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House of Mystery Vol. 1: Room and Boredom Paperback – January 20, 2009

4.3 out of 5 stars 13 customer reviews
Book 1 of 7 in the House of Mystery Series

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Editorial Reviews

From Booklist

Jack of Fables writers Willingham and Sturges trade places on the masthead of a new, quite a bit creepier series that swirls around a big, elaborate house of many architectural styles with an interior far more expansive than the exterior implies. Perched on an intersection of realities, it’s a place you arrive at unexpectedly and leave only at the seeming whim of the house itself. Attempts to break out short-circuit you back into the place and its grounds. Everyone soon lands in the ground-floor saloon and is expected to tell a tale for admittance; since the length of anyone’s sojourn is indefinite, everyone obliges. So the main story—concerned with Fig Keele, who, fleeing in terror her imploding Austin, Texas, home, runs into the house—is regularly interrupted by drinkers’ yarns, all of the type of which nightmares are made. Luca Rossi draws the main story to look like a literally edgier Fables, and five stylistically disparate artists draw the inserted tales. A little loose, perhaps, but very intriguing. --Ray Olson

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Product Details

  • Paperback: 128 pages
  • Publisher: Vertigo (January 20, 2009)
  • Language: English
  • ISBN-10: 1401220797
  • ISBN-13: 978-1401220792
  • Product Dimensions: 6.6 x 0.3 x 10.2 inches
  • Shipping Weight: 7.2 ounces
  • Average Customer Review: 4.3 out of 5 stars  See all reviews (13 customer reviews)
  • Amazon Best Sellers Rank: #1,028,778 in Books (See Top 100 in Books)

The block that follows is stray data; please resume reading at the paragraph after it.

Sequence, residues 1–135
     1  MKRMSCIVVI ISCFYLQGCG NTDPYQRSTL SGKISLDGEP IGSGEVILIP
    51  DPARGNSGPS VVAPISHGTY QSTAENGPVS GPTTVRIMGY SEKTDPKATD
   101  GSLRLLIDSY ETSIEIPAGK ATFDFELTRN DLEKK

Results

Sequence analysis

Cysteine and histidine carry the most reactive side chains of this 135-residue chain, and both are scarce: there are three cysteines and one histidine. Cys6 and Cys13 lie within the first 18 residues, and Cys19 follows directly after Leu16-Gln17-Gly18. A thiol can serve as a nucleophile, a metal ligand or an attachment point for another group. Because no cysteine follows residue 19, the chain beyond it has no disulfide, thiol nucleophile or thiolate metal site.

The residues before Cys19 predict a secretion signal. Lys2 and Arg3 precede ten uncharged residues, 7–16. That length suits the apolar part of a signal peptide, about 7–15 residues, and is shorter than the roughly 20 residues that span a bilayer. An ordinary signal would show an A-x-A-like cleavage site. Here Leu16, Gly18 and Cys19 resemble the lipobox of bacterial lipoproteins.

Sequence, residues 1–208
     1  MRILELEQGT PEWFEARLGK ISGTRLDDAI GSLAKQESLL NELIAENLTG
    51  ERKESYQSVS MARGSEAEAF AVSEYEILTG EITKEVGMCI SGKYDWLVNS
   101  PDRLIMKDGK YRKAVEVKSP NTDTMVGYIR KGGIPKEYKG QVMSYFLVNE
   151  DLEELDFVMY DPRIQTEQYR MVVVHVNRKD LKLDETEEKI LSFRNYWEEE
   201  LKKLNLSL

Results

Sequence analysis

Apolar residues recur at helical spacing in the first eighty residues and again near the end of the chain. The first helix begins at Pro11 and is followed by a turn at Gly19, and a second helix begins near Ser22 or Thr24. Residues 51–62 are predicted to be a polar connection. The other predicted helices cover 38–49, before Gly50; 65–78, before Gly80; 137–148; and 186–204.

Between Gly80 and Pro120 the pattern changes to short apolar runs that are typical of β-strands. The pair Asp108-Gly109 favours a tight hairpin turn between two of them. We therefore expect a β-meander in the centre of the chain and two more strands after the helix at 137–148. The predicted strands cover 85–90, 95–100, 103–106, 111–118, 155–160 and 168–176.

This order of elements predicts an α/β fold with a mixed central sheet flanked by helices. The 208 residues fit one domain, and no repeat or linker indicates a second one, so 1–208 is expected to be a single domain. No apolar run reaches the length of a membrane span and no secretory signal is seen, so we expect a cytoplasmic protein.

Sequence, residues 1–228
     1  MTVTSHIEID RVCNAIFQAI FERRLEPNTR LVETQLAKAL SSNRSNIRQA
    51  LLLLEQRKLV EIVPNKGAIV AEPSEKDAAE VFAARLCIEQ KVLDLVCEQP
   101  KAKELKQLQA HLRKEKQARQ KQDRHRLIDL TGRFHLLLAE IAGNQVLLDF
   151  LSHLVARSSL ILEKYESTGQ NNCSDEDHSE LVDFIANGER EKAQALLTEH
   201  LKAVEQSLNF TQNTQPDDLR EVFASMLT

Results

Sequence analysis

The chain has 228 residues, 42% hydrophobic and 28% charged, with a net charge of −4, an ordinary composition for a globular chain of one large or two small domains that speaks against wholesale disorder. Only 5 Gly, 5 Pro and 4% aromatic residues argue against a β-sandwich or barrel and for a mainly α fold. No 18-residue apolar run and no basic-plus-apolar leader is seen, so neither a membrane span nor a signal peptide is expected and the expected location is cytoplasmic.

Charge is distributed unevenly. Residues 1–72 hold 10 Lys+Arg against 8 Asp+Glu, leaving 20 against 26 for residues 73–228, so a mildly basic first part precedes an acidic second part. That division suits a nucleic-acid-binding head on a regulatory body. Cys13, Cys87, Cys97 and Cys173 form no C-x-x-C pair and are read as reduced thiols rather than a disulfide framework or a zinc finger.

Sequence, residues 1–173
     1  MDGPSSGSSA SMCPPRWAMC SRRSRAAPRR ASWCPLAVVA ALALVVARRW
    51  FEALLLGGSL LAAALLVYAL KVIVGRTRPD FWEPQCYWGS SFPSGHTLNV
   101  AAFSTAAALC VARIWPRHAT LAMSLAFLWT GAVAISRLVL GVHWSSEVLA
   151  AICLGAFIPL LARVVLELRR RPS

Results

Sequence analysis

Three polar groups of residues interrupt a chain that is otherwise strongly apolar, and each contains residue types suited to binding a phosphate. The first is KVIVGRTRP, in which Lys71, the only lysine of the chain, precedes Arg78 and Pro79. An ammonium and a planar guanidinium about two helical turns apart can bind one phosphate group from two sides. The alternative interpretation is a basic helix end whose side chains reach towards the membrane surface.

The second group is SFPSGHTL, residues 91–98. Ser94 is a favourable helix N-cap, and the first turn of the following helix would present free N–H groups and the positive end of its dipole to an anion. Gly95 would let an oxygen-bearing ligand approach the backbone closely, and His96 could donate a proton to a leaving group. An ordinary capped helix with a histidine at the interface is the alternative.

Customer Reviews

Top Customer Reviews

By Joseph Boone VINE VOICE on January 20, 2009
Format: Paperback Verified Purchase
This volume collects the first five issues of the House of Mystery series from Vertigo. Many years ago, DC published House of Mystery as an anthology of self-contained horror stories. There was no continuity from issue to issue and no recurring characters other than the narrator's appearances in a brief framing sequence. This relaunch of the series by author Matthew Sturges and Bill Willingham (of Fables fame) is a very different animal. The House of Mystery itself now takes center stage along with a recurring cast of occupants and ongoing storylines and subplots.

The house sits at something of a cosmic crossroads that allow visitors from many different worlds. Most can come and go as they please, but a handful are trapped indefinitely. This small group runs a restaurant and bar in the house and the only payment accepted is a story to alleviate their boredom. When a new permanent occupant arrives, the status quo appears to be shaken up a bit and a number of subplots and minor mysteries slowly bubble to the surface.

This first volume does a solid job of introducing the cast of characters and establishing the House of Mystery as a, well, mysterious place. It's clear that Willingham and Sturges intend to move the story forward at a measured pace and take their time before revealing too much. While I don't find the pace to be a problem, I would caution readers who like things to move forward briskly that this may not be your cup of tea.

The core members of the cast are made up of the four permanent residents of the house, only one of which happens to be a man. Except for the new addition, Fig, the other three are pretty interchangeable so far. Snarky and bored, but not overly mean spirited.